Prayer Psalm: 26
Prayer Point: Does Psalm 26 describe your life? It doesn’t describe mine. Jesus is the only one man who can pray this prayer with integrity. I can imagine him praying this as he was crucified between two thieves. He is the one who lived a blameless life on our behalf. He is the one bore the punishment for our failures. We are heard by God, not because of what he have done, but because of who we belong to. Use this psalm to praise God for the grace he showed us through Jesus.
Gospel: Luke 10:1-16 Old Testament: Lamentations 1:1-12, Sirach 6:5-17* New Testament: Revelation 7:9-17
*Sirach is a Jewish holy book written about 100 years before the coming of Christ. It is not considered to be Scripture by the Jewish faith nor our tradition, but the book is still worth reading. We offer Sirach in addition to the Old Testament readings.
The disciples had spent months observing Jesus. Now, seventy two others (not the original 12 disciples) are ready to be sent out to do what Jesus had been doing.
What hope does Jesus give his disciples as he sends them out and what are they to ask for (verse 2)? What warning does he give them in verse 3? What provisions are they to take with them? Why do you think Jesus commanded them to be dependent upon the kindness of strangers? How will the disciples know where to go and how long to stay? What kind of person are they looking for?
We think of houses as buildings with walls, a roof, and a garage. Luke’s understanding of “house” was not so much the building, but a community of people, family, extended family, friends, and neighbors. In other words a house = a social network. A man of peace is someone who is open to Jesus (he may not yet be a believer) and welcomes the disciples of Jesus to come into their social network and share the gospel.
What two things are the disciples commanded to do when they entered a house? Compare this to the authority Jesus gave his twelve disciples in Luke 9:1. What are the disciples to say to the people of the house (social network) that they have entered? (see verse 9)
“Woe to you” is a phrase typical of Jewish prophets announcing God’s judgment. Korazin and Bethsaida were Jewish towns. Tyre and Sidon were foreign cities. Note the irony. Why would judgment be so harsh on the city of Capernaum? (Think about where Jesus did most of his ministry).
Who are the disciples representing? If the disciples are rejected, who is ultimately being rejected?
In yesterday’s reading (Revelation 7:1-8) we saw that God “sealed” his people so that they might persevere through suffering with God’s protection.
At the end of God’s judgment who is left standing (see verse 9)? What do you notice about God’s people? Where are these people from? What are they doing? Why are they singing?
Where do the singers get their white robes? What will Jesus, the Lamb, do for his people who suffered patiently for so long? What hope would this have given John and the seven churches who were all experiencing persecution?
Sirach 6:5-17 Friendship, False and True
[Verses in brackets are not found in the original Hebrew text.]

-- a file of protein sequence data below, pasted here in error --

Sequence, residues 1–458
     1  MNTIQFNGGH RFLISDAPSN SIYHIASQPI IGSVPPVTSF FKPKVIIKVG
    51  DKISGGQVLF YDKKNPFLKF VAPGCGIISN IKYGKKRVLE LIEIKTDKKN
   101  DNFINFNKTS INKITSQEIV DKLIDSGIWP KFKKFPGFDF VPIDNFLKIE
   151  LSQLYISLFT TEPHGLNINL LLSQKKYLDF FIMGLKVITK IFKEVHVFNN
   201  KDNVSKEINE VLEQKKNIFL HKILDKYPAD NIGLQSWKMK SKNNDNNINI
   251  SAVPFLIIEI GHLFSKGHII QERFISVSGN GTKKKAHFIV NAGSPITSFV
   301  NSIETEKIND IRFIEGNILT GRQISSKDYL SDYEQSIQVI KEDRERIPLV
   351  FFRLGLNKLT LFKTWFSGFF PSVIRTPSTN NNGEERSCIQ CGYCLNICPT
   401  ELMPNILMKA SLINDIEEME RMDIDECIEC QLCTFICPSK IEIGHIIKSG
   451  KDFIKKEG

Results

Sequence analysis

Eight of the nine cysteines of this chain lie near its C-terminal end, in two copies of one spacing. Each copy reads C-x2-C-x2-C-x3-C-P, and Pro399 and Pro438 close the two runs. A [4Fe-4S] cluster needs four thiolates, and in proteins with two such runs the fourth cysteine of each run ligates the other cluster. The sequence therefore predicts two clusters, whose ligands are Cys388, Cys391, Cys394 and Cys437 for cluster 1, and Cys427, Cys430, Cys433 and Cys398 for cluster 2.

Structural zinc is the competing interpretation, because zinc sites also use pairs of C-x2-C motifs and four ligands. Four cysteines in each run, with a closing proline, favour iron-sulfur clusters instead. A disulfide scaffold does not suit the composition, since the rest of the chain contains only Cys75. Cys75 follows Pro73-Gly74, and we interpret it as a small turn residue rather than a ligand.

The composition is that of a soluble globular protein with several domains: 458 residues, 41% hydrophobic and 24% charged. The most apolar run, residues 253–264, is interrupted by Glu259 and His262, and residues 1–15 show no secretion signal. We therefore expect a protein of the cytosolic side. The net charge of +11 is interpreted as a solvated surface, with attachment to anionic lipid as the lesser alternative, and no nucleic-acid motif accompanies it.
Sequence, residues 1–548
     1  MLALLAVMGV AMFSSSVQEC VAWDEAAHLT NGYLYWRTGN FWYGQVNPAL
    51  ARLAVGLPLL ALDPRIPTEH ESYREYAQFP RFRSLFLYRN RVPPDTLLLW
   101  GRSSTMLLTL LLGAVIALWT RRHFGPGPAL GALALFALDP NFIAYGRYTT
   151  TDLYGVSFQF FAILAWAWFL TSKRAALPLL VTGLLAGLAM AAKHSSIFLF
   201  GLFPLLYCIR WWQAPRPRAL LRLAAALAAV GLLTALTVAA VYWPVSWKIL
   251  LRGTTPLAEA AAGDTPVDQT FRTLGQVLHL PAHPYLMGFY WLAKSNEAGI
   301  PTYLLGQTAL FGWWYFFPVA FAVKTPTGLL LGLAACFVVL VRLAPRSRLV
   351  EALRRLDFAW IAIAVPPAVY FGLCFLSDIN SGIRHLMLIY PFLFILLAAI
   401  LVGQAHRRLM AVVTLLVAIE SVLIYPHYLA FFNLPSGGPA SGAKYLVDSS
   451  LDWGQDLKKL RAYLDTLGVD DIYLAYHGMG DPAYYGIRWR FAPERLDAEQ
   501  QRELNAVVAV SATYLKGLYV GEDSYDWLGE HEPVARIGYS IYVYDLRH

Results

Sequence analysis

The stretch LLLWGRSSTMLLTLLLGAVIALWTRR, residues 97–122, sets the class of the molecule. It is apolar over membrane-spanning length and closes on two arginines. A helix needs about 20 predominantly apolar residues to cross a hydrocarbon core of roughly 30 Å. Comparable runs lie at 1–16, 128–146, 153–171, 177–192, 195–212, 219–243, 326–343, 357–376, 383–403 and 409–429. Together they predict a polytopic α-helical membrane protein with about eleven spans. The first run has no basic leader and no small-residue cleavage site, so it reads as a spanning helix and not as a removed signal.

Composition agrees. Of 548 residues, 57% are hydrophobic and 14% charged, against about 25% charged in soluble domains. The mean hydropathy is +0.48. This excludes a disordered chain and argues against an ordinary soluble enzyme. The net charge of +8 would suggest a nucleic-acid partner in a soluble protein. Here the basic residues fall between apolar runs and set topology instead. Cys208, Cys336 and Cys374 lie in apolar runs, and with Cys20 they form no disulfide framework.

5 Pleasant speech multiplies friends,
and a gracious tongue multiplies courtesies
6 Let those who are friendly with you be many,
but let your advisers be one in a thousand.
7 When you gain friends, gain them through testing,
and do not trust them hastily.
8 For there are friends who are such when it suits them,
but they will not stand by you in time of trouble.
9 And there are friends who change into enemies,
and tell of the quarrel to your disgrace.
10 And there are friends who sit at your table,
but they will not stand by you in time of trouble.
11 When you are prosperous, they become your second self,
and lord it over your servants;
12 but if you are brought low, they turn against you,
and hide themselves from you.
13 Keep away from your enemies,
and be on guard with your friends.
14 Faithful friends are a sturdy shelter;
whoever finds one has found a treasure.
15 Faithful friends are beyond price;
no amount can balance their worth.
16 Faithful friends are life-saving medicine;
and those who fear the LORD will find them.
17 Those who fear the LORD direct their friendship aright,
for as they are, so are their neighbors also.
“Let those who are friendly with you be many, but let your advisers be one in a thousand.” (Sirach 6:6 NRSV). Why, do you suppose, Sirach would give this kind of advice? (“Your best friends won’t tell you, but I will,” about sums up this advice. Friends may prove reluctant to impart bad news or to disagree. It is always better to know the unvarnished truth than to be ignorant of it.)
What does Sirach say about trusting friends? (Sirach tells us that trust is something to be earned. He calls it “testing”.)
What is the famous rendering of verses 6:8-12? (These are known as “fair weather friends”.)
Sirach seems to have had some issues with his friends; he seems to be untrusting. Does verse 6:13 actually sound like good advice? (Not to me! One has to reach a point of trusting others. To be suspicious of one’s friends speaks of the lack of depth of the relationship. Clearly “friends” in these verses [7:5-13] are false friends.)
What does Sirach say about “faithful friends”? (Sirach 6:14-17) (“Faithful friends are beyond price no amount can balance their worth.” That about sums it up! One of Solomon’s proverbs puts it this way: “The kisses of an enemy may be profuse, but faithful are the wounds of a friend.” (Proverbs 27:6 NIV) Please understand that the wounds mentioned here are inflicted by the friend. If a friend needs to touch your heart, the experience may prove somewhat painful. Remember: the truth won’t kill you but it may hurt a great deal.)